1. After collecting your information, how will you analyze it? That is, how will you organize and review the information you have collected to understand it better and help you answer your research question? For example, will you use percentages based on responses to a questionnaire? Analyze a videotape of your classroom for a particular aspect of instruction? Summarize interview data with other teachers to look for emerging themes? Do a comparative analysis of assessments in a content-based lesson and in other standards-based lessons?
  1. How will you display the information so that it can be shared with others? For example, you can use charts, graphs, and/or tables. The goal is to organize your data in a way that presents a clear description of what you investigated.

IV. Rethinking

Note: The final step of the action research project is to reevaluate your teaching practice based on your research data. Because it takes time to complete an action research project, it may not be possible to do this step during the workshop. However, if you are taking this workshop for credit, you will need to complete one action research project during or after the course of the workshop to submit as an assignment.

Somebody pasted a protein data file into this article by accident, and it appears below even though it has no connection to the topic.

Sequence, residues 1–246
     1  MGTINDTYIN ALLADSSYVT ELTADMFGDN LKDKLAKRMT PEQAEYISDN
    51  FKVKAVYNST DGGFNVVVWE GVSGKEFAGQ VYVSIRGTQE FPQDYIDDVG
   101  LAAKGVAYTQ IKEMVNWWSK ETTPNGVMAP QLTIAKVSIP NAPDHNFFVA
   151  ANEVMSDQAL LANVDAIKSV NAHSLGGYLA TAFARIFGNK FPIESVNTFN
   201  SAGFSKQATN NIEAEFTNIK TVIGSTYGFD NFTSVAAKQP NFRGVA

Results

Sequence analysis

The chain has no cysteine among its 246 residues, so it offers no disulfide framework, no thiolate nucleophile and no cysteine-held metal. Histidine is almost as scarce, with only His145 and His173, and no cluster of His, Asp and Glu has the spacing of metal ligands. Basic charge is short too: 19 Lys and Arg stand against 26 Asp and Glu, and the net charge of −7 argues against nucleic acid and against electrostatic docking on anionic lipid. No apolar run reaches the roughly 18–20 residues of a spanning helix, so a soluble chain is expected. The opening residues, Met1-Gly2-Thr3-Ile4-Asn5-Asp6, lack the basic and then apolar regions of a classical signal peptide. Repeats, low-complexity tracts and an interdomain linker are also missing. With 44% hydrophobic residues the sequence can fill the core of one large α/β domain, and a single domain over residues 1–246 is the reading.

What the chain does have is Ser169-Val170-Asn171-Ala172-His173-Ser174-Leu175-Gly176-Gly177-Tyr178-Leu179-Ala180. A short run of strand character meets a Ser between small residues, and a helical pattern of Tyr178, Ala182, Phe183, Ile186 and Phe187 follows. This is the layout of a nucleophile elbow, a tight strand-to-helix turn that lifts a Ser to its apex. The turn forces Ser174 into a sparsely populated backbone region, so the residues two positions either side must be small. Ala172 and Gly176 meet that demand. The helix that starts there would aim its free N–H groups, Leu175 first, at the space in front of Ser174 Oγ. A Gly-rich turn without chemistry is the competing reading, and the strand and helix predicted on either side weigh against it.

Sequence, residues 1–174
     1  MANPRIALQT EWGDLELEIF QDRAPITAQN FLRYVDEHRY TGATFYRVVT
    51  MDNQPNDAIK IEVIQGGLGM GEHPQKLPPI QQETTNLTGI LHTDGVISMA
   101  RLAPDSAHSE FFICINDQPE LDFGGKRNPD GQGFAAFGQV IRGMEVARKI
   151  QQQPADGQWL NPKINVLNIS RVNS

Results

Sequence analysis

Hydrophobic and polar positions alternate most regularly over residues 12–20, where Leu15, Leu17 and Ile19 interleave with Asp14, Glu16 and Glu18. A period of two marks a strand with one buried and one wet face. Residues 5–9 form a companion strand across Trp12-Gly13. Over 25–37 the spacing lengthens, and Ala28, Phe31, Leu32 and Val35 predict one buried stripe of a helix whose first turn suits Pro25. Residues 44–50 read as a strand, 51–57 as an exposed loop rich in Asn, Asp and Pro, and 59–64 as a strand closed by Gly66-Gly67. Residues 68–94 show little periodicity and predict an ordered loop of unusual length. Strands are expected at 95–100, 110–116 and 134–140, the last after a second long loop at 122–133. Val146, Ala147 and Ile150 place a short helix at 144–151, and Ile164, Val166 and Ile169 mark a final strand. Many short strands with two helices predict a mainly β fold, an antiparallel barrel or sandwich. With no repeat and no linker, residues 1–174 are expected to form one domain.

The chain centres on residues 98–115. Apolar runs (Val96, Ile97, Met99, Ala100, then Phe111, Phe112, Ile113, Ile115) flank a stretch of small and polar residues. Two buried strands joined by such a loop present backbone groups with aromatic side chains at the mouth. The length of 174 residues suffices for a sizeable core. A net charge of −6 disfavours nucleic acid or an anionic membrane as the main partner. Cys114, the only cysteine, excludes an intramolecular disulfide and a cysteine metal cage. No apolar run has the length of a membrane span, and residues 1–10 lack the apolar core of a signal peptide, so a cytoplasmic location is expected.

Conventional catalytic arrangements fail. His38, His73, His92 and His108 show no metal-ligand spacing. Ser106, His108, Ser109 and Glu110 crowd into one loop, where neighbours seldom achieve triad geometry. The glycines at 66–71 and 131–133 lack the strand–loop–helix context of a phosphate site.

1. Based on what you learned through your data analysis, how will you rethink your teaching practice? What changes will you make to your lessons the next time you develop and implement a content-based lesson? If you had to research content-based lessons again, what changes would you make to your action research plan?

Reflect on Your Learning

In this session, you analyzed how content can be the focus of a foreign language classroom and how language — vocabulary and structure — can become transparent or opaque during the study of content. You will now write a one- to two-page summary of what you have learned and how you plan to apply it in your classroom. Review the notes you have taken during this session, as well as your answers to the Reflect on Your Experience questions. Use the questions below to guide your writing.

  1. Consider the examples of content-rich materials that you have seen in this session. What do you notice about the vocabulary and meanings that are presented? How do they compare with the scope of vocabulary and meanings in non-content-based lessons, such as a typical textbook lesson?
  1. What insights have you gained about Professor Lightbown’s notion of transparent and opaque language learning?
  1. What factors will you consider when choosing the content to teach in your foreign language classroom?
  1. How does content-based instruction affect the overall outcomes of foreign language instruction? Why do “subjects matter”?

Assignments:

Submit your summary as an assignment.

Workshops